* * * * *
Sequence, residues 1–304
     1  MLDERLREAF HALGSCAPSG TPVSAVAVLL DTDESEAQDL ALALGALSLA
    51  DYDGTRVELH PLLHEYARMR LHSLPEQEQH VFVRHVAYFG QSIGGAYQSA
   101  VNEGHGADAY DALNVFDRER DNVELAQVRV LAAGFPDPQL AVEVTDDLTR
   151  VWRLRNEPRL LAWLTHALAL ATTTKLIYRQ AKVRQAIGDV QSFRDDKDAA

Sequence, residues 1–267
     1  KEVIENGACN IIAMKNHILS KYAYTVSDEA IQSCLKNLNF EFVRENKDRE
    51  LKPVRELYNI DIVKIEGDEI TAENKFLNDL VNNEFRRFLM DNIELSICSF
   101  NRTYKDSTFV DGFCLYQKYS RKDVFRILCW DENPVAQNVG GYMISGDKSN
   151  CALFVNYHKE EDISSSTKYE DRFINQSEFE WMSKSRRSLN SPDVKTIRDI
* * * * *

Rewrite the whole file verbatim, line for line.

Sequence, residues 1–304
     1  MLDERLREAF HALGSCAPSG TPVSAVAVLL DTDESEAQDL ALALGALSLA
    51  DYDGTRVELH PLLHEYARMR LHSLPEQEQH VFVRHVAYFG QSIGGAYQSA
   101  VNEGHGADAY DALNVFDRER DNVELAQVRV LAAGFPDPQL AVEVTDDLTR
   151  VWRLRNEPRL LAWLTHALAL ATTTKLIYRQ AKVRQAIGDV QSFRDDKDAA

Sequence, residues 1–267
     1  KEVIENGACN IIAMKNHILS KYAYTVSDEA IQSCLKNLNF EFVRENKDRE
    51  LKPVRELYNI DIVKIEGDEI TAENKFLNDL VNNEFRRFLM DNIELSICSF
   101  NRTYKDSTFV DGFCLYQKYS RKDVFRILCW DENPVAQNVG GYMISGDKSN
   151  CALFVNYHKE EDISSSTKYE DRFINQSEFE WMSKSRRSLN SPDVKTIRDI